In this course, students will learn how to write narrative, stories, and dialogue for video games. Video game writing is a unique kind of writing in the sense that dialogue and other visual-written feedback changes depending on the input of the player. By learning a writing for games style grounded in character creation, episodic structure, and dialogue, students in this course will learn the skills to become excellent game writers. Careers writing for video games, sometimes called game designers, are gaining in popularity and importance. In this unit, students will gain the background necessary to successfully write for video games and the video game industry. This course is part of the Game Studies Minor core.

Full course description for Writing For Video Games

Electives (4 credits)

GNDR 270 Gender, Race and Popular Culture

3 credits

Our ideas about race and gender shape and are shaped by popular culture including the internet, music, television, film, newspapers, magazines, and the arts. Every community member both consumes and helps to create popular culture. In this course, students will explore the ways that gender, race, and related concepts are portrayed in popular culture. In so doing, students will develop a greater awareness of themselves as both consumers and producers of culture as well as an understanding of gender and race as "social constructs" that interact with each other and with other aspects of identity, such as sexual orientation and social class.

Full course description for Gender, Race and Popular Culture

HIST 305 U.S. Economic Life: Technology

4 credits

This course investigates the changes in American economic life from the late eighteenth century to the present, with a special emphasis on how technological developments have influenced these changes. Students explore the major technological innovations and their diffusion and impact, the social institutions that influenced and were influenced by these changes, and the ramifications of technological and social change upon the everyday material life of Americans.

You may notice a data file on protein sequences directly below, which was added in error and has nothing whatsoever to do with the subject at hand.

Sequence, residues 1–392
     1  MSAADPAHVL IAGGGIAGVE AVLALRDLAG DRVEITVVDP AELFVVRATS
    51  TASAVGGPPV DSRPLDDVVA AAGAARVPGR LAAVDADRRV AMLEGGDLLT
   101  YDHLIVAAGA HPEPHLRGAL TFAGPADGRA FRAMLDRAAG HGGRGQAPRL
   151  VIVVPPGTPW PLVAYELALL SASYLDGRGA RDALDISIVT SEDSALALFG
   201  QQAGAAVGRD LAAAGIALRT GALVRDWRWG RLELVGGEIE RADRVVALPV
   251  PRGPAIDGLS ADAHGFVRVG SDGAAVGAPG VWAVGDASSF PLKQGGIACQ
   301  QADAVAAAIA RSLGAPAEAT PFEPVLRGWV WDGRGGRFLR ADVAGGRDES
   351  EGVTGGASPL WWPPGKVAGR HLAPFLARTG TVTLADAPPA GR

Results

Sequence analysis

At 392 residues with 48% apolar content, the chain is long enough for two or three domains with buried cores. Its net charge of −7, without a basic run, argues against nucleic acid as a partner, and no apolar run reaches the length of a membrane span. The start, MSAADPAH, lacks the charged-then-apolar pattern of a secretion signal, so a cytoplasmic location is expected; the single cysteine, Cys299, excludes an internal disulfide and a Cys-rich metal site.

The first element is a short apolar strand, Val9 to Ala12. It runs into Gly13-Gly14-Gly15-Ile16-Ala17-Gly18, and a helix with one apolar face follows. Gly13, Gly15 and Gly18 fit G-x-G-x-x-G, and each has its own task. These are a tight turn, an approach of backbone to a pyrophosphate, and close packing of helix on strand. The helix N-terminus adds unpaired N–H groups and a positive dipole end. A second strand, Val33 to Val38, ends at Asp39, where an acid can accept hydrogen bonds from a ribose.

Full course description for U.S. Economic Life: Technology

HUM 313 Medieval Civilization

4 credits

In this course, students study achievements in thought, art, architecture, religion, science and politics during the Middle Ages, the period between the collapse of Roman civilization (c. 500 A.D.) and its "rebirth" in the Renaissance about a thousand years later. Students read a selection of medieval texts in translation and examine a range of medieval arts and ideas.

Full course description for Medieval Civilization

HUM 321 Myth

4 credits

Myths and myth cycles have had a deep and pervasive influence on literature and culture, and thus on everyday life. This course examines the nature of myth and the modes of belief that have sustained it within various traditions, the myths themselves, their expression in literature from ancient to modern times, and theories of interpretation. The selection varies among Greek, Roman, Mesopotamian, Celtic and Germanic myth traditions, along with comparative material from other world traditions.

Full course description for Myth

HUM 327 Convivencia: Jewish, Christian, and Islamic Arts in Medieval Spain

2-4 credits